There are subtle signs everywhere that many of the people who might be least likely to endorse the Occupy Wall Street movement are closet supporters. It’s not just the police whose rank-and-file seem to act differently than their white-shirted managers.
A few days ago a package showed up in my mailbox that I found most fascinating.
In 1905 the Wobblies, or Industrial Workers of the World, was founded in Chicago. IWW members were the most radical of the union organizers and their union remains the most violently suppressed through modern American history
The Wobblies were big on using media to spread their message, and in 1905 that meant singing protest songs. I’ve always wanted one of their little red songbooks, which they re-printed at their 100 years anniversary. I finally bought one on ebay.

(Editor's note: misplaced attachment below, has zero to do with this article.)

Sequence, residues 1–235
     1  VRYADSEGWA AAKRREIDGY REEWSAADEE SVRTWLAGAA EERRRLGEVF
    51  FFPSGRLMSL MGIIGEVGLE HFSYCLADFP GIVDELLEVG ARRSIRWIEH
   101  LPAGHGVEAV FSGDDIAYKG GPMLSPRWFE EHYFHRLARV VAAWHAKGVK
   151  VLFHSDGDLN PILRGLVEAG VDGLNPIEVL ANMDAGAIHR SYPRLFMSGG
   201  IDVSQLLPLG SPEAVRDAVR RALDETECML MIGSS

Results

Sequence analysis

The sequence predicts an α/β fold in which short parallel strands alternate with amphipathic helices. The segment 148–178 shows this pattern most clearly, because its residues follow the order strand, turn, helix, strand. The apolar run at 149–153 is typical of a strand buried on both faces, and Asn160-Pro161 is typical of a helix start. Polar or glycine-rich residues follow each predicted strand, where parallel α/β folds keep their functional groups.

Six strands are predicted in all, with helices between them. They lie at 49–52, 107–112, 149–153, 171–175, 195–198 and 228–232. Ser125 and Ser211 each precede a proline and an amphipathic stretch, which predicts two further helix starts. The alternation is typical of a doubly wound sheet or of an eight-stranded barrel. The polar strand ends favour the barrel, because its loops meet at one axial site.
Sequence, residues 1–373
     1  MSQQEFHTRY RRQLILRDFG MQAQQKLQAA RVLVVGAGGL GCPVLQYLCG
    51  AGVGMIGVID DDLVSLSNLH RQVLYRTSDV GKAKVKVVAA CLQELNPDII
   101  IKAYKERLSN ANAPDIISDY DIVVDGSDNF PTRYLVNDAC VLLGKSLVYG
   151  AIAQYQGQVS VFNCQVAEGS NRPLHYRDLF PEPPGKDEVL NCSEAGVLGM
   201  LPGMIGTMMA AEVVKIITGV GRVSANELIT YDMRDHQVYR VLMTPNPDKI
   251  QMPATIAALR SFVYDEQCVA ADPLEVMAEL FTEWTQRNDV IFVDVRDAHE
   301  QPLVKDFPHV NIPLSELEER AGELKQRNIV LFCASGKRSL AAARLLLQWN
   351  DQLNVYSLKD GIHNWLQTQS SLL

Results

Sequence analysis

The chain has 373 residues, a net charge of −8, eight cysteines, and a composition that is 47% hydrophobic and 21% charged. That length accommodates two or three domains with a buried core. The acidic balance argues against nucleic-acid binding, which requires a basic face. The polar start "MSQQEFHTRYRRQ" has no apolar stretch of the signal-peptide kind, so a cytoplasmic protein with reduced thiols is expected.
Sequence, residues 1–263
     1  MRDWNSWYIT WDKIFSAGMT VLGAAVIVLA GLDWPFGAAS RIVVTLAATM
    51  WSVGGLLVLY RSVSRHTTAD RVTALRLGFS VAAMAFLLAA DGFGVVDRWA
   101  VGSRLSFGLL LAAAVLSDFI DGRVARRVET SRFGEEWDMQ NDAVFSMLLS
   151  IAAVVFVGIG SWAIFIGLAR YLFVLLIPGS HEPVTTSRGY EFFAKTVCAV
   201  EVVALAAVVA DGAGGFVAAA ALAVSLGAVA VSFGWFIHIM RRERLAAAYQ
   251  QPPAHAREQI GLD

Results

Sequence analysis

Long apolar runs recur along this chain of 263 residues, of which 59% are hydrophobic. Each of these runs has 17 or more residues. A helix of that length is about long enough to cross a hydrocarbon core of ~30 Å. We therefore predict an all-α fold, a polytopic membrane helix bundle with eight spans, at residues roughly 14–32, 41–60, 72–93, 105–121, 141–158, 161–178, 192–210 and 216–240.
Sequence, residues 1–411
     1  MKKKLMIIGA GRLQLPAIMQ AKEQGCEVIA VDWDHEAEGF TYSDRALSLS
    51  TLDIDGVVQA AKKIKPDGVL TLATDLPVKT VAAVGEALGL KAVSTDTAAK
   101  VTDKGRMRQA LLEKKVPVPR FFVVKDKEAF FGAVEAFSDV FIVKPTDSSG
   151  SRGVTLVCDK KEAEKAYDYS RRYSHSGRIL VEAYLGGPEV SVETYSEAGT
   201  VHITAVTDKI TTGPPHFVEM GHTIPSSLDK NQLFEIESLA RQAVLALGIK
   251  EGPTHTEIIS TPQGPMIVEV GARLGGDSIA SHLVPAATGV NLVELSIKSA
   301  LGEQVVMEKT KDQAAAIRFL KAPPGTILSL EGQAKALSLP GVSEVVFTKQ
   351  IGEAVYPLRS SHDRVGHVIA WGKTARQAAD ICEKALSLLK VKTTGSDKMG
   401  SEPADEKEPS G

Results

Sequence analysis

But when it arrived and I carefully unwrapped it, I found it enclosed in a large manila envelope, folded such that you couldn’t see what the envelope really was.
It was an inter-office document carrier obviously from a large bank with a huge mortgage company and title plant, lifted by a worker for the job of bringing the protest book to me.
It was just one more example that you never can tell how well your message is resonating with people who are not in a position to publicly agree with you.
I’m sure some of these songs are being sung again on Wall Street today.
But the banks are made of marble
with a guard at every door
And the vaults are stuffed with silver
that the farmer sweated for.
–Banks of Marble ( page 9)
Words & Music by Les Rice,